The much-anticipated James Webb Space Telescope (JWST) has delivered its first images and created excitement and even controversy. This project’s scope is large and ambitious; therefore, I think it’s worthwhile to explain some of the steps that have led to where we are, what we know, and what’s ahead. At minimum, the JWST has already provided evidence of the structure and history of the early universe that carries big bang implications.
Building and Transporting the JWST
In August 2021, I got to see the JWST up close during its final stages of assembly at the Northrup Grumman aerospace facility in Redondo Beach, California. The JWST is as tall as a 3-story building and as long as a tennis court. The diameter of its main mirror is 6.5 meters (21 feet). The JWST’s main mirror has more than seven times the light collecting area as the Hubble Space Telescope (HST). Because of amazing design advances, the JWST is only half the weight of the HST. See figure 1.
Unlike the HST, the JWST is designed to detect the infrared part of the electromagnetic spectrum. Hence, it is ideally suited to explore the highly redshifted part of the universe—that part of the universe that reveals the first few billion years of cosmic history.
In September 2021, the JWST was transported by ship to Kourou, French Guiana, South America, where it was placed on an Ariane 5 rocket ready for launch. On December 25, 2021, it was launched into space. On January 24, 2022, it reached its final destination at the L2 Lagrange point in Earth’s orbit 930,000 miles from Earth. At the L2 Lagrange point, the gravitational pull on the JWST perfectly balances the gravitational pull of the Sun. This balance means that the JWST will not fall out of orbit and that very little of its limited fuel supply will be needed to keep it in a stable fixed position relative to Earth.
Operational Setup and Tests
As with any major research telescope, the JWST’s first few months were devoted to setting up its optics and instruments and testing its operational capabilities. In May 2022, NASA released a side-by-side comparison of a test image taken by JWST’s Mid-Infrared Instrument of a small region of the Large Magellanic Cloud and the best image of the same region taken by the previously most powerful infrared telescope, the Spitzer Space Telescope. See figure 2 for the comparison. This initial test image assured astronomers that the JWST indeed was capable of making spectacular breakthrough astronomical discoveries.
Initial Scientific Findings
On July 10–11, NASA released the first five astronomically significant images taken by the JWST. By design, these images were of the same parts of the celestial sky as previous images taken by the HST. The intent was to determine to what degree the JWST was superior to the HST and what new science the JWST could be expected to uncover. The five initial images—the next three below show some physical features of the universe—exceeded astronomers’ expectations.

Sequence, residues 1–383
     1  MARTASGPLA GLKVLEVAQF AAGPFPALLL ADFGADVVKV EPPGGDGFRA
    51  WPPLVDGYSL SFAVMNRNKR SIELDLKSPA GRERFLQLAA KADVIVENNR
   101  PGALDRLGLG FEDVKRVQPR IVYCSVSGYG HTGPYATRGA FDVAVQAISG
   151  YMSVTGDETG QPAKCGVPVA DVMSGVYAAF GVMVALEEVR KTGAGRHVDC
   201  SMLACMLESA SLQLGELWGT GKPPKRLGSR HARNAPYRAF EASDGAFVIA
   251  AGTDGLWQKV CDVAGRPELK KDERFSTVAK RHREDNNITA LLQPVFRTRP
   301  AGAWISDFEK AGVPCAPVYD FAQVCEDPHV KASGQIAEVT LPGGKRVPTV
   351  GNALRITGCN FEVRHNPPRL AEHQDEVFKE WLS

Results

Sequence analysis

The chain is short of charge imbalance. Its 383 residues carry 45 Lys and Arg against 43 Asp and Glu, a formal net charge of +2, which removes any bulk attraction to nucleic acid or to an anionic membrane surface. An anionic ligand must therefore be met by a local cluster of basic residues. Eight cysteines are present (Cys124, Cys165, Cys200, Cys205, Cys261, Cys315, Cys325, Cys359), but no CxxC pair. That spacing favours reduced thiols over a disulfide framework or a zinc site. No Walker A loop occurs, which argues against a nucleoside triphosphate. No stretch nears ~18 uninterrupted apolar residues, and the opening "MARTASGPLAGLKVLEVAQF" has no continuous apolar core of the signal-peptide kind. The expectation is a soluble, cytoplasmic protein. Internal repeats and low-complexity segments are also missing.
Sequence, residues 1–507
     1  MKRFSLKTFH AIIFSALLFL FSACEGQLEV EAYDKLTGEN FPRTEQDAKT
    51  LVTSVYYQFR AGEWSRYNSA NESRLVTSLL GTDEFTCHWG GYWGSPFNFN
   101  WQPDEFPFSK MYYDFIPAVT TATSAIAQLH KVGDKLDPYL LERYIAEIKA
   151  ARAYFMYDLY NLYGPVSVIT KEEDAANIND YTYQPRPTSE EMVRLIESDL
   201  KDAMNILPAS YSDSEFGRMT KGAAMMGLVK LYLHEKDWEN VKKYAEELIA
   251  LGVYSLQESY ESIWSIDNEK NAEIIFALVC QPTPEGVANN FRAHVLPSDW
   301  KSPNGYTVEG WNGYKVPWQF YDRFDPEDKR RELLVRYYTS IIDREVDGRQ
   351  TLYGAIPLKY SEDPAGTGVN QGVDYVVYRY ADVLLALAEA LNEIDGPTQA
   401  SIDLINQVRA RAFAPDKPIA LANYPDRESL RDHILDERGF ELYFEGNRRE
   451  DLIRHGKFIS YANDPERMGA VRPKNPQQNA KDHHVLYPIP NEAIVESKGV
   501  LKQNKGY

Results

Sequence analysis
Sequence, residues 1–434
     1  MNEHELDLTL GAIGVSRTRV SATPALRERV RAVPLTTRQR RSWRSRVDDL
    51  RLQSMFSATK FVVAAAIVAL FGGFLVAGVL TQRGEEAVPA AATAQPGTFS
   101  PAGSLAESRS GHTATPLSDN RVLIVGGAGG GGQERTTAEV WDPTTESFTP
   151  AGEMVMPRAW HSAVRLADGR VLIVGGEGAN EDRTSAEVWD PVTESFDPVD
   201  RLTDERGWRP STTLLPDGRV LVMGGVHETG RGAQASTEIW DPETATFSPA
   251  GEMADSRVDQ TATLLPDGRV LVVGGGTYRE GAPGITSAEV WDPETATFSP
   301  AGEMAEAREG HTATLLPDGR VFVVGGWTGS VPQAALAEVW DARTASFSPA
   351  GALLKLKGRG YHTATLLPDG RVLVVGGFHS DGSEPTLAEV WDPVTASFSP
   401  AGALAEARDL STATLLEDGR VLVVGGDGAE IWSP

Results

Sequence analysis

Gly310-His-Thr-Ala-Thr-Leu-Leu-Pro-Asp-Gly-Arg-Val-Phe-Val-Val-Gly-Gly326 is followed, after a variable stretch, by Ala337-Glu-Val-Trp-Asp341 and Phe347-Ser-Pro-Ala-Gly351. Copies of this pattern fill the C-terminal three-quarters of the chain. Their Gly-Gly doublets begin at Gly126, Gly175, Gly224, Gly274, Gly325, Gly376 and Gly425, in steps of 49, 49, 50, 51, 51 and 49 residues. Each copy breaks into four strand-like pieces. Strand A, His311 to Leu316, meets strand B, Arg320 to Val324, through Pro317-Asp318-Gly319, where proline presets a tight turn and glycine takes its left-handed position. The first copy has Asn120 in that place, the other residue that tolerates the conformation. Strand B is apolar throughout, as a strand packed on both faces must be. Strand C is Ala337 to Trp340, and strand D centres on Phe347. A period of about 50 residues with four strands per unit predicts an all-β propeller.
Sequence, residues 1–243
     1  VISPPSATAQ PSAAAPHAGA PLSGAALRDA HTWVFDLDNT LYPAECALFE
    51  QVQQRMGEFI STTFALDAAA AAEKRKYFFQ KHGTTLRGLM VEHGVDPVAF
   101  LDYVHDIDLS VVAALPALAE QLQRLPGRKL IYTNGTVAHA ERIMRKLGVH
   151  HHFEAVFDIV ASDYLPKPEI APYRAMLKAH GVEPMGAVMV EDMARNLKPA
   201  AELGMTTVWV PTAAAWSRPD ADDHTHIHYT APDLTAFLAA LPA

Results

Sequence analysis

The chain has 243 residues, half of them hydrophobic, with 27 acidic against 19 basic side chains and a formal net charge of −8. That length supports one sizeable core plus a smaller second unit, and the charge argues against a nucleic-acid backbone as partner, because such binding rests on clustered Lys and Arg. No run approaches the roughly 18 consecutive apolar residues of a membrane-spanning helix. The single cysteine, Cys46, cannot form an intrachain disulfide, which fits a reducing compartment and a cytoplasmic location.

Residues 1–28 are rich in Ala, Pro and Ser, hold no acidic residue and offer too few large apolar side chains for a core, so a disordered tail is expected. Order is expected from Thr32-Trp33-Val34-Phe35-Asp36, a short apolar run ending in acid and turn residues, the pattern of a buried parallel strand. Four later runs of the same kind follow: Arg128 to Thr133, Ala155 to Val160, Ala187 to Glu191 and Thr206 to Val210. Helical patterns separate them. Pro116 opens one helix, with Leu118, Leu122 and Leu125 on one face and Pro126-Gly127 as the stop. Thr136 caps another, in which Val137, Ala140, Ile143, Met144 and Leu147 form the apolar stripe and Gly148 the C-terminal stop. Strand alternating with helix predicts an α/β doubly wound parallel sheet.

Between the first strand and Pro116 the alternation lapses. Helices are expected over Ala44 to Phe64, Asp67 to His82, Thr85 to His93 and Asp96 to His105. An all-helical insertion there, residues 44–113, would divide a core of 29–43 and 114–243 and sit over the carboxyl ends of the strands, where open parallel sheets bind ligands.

Carina Nebula: Figure 3 shows a portion of the Carina Nebula showing the best image of that portion taken by the HST side-by-side with the first attempt at imaging that portion by the JWST.
Figure 3: Small Part of the Carina Nebula by the HST (top) and the JWST (bottom)
The Carina Nebula is a star-forming nebula. Some of its gas and dust clouds are expanding and, thus, pushing against other gas and dust clouds. Other parts of its gas and dust clouds are collapsing. The pockets of collapsing gas and dust clouds that are cold are on their way toward becoming stars. These pockets, known as Bok globules, are found in “elephant trunks,” the long fingers of illuminated gas and dust.
In the HST image, only a few ill-defined elephant trunks and Bok globules can be seen. In the JWST image, several dozen well-defined elephant trunks and Bok globules are clearly seen. This image has already revealed additional details about ongoing star formation.
There are hundreds of star-forming nebulae in the Milky Way Galaxy (MWG) and its companion galaxies in the Local Group. The JWST promises to give us a comprehensive, detailed understanding of the physics and process of star formation that spans stars ranging in mass from 0.08 to 30 times the Sun’s mass.
Stephans Quintet: Four of the five galaxies that make up the tight grouping known as Stephans Quintet are gravitationally connected to one another. The fifth, the bright bluish one to the upper left, is a foreground galaxy. It is 200 million light-years away. The distance of the other four is about 300–400 million light-years from us.
Figure 4 shows HST’s best image of Stephans Quintet on the left and the initial image of Stephans Quintet by the JWST on the right. Visible wavelengths are optimal for showing the distribution and structure of stars and star clusters in galaxies. Infrared wavelengths are optimal for showing the distribution and structure of gas and dust in galaxies. Therefore, analyzing a combination of HST and JWST images of galaxies will yield unprecedented insights into the structure and dynamics of a wide range of different types of galaxies.
Figure 4: Stephans Quintet by the HST (left) and the JWST (right)